First impression on unpacking the Q702 test unit was the solid feel and clean, minimalist styling.
Sony Cyber-shot DSC-W180 digital camera
This Sony Cyber-shot digital camera is small and easy to use
- Small, decent image clarity, vibrant colours, easy to use
- Hardly any manual features, image quality degrades at ISO 400, poor focus in dark conditions, uses Memory Stick Pro Duo
This Sony digital camera is small and easy to use, and it produces decent quality snaps for printing at up to A4. But it's a little slow, it doesn't always focus properly in low-light conditions, and it uses Memory Stick Pro Duo instead of SD storage.
Price$ 279.00 (AUD)
Buy now (Selling at 4 stores)
Sony's Cyber-shot DSC-W180 is a largely automatic compact digital camera for people who want something that's simple to use and easy to carry in a pocket. It has a 10.3-megapixel CCD sensor, a 2.7in LCD screen, and a 3x zoom lens (35-105mm, 35mm equivalent).
The Sony Cyber-shot DSC-W180 is 92mm long, 54mm high and 19mm deep. It has a sparse array of controls on its rear (two buttons, a zoom control and a 5-way menu controller), and this is in keeping with what you can do with the camera. That is to say: not much (you can't change the shutter or aperture values yourself).
It does have a Program Auto mode, though, in which you can change the ISO speed and white balance for yourself. But changing settings isn't the point of this camera. It's designed to be a 'no fuss' camera that's easy for anyone to use. It even has on-screen descriptions for its shooting modes (for example, it will tell you that macro mode is useful for focusing on very close objects).
A sliding switch on the rear of the unit, which puts the camera in shooting, playback or video mode, sits just below the zoom buttons. There is plenty of room for your thumb to the left of the switch and this makes the Cyber-shot DSC-W180 comfortable to hold in a conventional fashion, and it means you won't be inadvertently pressing any settings buttons. The menu button sits just below the thumb position. You need to refer to the menu if you want to change the shooting mode. You can select from Auto, Program Auto and from one of seven scene modes.
We used the Sony Cyber-shot DSC-W180 in auto mode for most of our tests, as we think this is the way most people will use the camera. In this shooting mode, the camera produced pictures that were vibrant and well detailed. When scrutinised at the their full resolution, the pictures looked feathered and soft, so you won't want to crop them too close if you decide to edit them on your computer. When viewed at the native resolution of a 22in monitor (1680x1024), for example, the pictures looked very well defined. You'll get well defined prints up to A4 size.
Colours were a little on the rich side, but this isn't an overly bad thing as it made our photos look quite vibrant. The camera struggled a little when taking photos in bright sunlight: it slightly underexposed many of our shots. On a typical day, with some cloud cover, it produced well-balanced colours and brightness.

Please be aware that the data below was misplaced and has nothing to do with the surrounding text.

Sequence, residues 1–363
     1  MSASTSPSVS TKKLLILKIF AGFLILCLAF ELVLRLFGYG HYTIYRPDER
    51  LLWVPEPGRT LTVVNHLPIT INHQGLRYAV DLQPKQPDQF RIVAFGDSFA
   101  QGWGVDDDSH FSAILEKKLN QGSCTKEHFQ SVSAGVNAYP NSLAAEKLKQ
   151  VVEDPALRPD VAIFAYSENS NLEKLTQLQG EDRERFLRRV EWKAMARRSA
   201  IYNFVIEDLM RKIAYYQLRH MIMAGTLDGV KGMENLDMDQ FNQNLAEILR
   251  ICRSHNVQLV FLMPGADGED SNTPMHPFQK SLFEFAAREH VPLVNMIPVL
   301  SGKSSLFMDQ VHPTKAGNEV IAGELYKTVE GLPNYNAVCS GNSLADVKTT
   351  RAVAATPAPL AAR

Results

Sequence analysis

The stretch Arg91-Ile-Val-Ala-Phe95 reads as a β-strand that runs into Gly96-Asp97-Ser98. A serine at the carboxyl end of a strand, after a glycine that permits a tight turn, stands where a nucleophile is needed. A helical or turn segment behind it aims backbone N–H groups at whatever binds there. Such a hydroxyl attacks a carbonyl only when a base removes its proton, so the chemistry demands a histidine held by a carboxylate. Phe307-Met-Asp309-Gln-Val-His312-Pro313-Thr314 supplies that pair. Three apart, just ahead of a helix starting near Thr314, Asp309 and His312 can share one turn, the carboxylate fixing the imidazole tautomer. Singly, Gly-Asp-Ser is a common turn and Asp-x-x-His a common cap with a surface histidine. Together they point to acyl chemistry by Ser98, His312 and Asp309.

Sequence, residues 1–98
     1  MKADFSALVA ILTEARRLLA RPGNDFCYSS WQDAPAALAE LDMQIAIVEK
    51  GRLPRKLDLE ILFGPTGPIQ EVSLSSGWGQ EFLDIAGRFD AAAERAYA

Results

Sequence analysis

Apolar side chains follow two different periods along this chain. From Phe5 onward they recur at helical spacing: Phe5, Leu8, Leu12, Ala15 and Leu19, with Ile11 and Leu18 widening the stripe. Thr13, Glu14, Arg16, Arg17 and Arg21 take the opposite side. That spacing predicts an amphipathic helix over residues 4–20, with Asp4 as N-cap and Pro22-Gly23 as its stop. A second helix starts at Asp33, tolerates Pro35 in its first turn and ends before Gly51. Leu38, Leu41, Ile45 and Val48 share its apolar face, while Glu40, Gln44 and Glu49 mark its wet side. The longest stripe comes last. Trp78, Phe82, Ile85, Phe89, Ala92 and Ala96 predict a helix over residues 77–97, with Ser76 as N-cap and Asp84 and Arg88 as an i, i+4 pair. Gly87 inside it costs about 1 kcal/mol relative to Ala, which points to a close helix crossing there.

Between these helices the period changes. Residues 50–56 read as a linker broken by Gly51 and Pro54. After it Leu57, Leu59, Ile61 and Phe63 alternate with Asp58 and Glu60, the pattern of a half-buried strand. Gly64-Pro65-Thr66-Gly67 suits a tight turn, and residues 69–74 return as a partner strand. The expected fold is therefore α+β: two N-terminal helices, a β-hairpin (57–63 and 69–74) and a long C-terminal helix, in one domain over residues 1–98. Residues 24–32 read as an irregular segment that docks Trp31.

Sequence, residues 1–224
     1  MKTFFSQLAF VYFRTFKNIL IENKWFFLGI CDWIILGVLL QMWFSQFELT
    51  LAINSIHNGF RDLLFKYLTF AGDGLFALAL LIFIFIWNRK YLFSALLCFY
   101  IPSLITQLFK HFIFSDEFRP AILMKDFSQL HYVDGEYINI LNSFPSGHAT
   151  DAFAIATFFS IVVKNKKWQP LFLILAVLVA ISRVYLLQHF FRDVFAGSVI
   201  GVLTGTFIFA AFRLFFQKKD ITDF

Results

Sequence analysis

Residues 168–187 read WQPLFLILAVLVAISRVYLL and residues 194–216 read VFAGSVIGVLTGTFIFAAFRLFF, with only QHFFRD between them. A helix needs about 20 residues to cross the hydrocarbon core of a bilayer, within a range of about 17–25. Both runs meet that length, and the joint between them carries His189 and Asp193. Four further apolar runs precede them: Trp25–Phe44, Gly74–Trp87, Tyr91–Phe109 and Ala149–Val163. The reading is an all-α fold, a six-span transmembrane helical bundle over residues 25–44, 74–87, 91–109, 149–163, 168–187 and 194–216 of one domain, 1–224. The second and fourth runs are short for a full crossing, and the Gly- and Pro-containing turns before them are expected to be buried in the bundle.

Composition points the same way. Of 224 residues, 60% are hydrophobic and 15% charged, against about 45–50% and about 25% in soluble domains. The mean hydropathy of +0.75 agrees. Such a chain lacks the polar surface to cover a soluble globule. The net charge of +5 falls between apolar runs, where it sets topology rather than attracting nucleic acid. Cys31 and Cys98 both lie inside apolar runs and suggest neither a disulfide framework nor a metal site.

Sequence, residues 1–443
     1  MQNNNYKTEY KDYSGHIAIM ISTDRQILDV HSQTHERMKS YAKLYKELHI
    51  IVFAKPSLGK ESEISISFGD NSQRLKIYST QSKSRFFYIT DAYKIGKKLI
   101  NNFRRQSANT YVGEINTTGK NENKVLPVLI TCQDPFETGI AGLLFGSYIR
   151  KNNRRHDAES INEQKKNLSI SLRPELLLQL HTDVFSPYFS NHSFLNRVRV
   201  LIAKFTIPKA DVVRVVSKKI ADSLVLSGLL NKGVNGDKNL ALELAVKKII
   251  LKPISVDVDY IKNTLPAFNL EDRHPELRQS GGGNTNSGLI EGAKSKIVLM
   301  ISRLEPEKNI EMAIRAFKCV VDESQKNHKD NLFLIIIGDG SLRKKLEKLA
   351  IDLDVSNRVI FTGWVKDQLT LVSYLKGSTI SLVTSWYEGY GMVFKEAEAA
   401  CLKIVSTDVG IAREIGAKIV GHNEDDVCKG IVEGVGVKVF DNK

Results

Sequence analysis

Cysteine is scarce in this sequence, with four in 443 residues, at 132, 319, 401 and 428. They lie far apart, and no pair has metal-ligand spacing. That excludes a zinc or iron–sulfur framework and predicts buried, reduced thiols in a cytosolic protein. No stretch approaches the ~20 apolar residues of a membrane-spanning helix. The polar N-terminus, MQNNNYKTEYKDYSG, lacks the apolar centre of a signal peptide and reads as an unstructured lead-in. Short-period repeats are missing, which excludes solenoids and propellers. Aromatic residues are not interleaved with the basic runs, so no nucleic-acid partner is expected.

Blue skies, in particular, came out vibrant and images had plenty of contrast.
For close-ups, the Cyber-shot DSC-W180's macro mode is very useful. You can't focus closer than 5cm from your subject as, which is a slight drawback; 5cm is still nice and close and you will end up with a narrow depth of field and a nicely blurred background.
Macro mode produced some well rendered shots, with good clarity.
In low-light conditions the camera will use a slow shutter speed, but the built-in image stabilisation helps. We took relatively clear photos even at a shutter speed of 1/8th of a second. The Program Auto mode allows you to bump up the ISO speed, but not by much — it only goes up to ISO 400. Pictures become more feathered at ISO 400. This is very noticeable when you view your photos at their full size.
Shot-to-shot speed isn't a highlight of the Cyber-shot DSC-W180, as it takes a couple of seconds to process each shot before letting you take the next shot. This can be frustrating. It takes approximately three seconds for the camera to be ready to shoot from the moment you switch it on.
The focusing performance of the camera was a little off in dark conditions, but it was fast and accurate when there was plenty of light. More often that not, it focused on the object we intended and not a background object. It also has face detection and a smile shutter. It detects faces with ease, but the sensitivity of its smile shutter often confused frowns for smiles. (You can adjust the smile shutter, however.)
The smile shutter mistook this for a smile.
At $279, the Sony Cyber-shot DSC-W180 is good value if you want a small camera that can take vibrant photos with reasonably good clarity. Just don't buy this camera thinking it will give you super-crisp photos that you can print at A3 size. The main disadvantage of this camera is that it uses Memory Stick Duo storage instead of a more common SD card.
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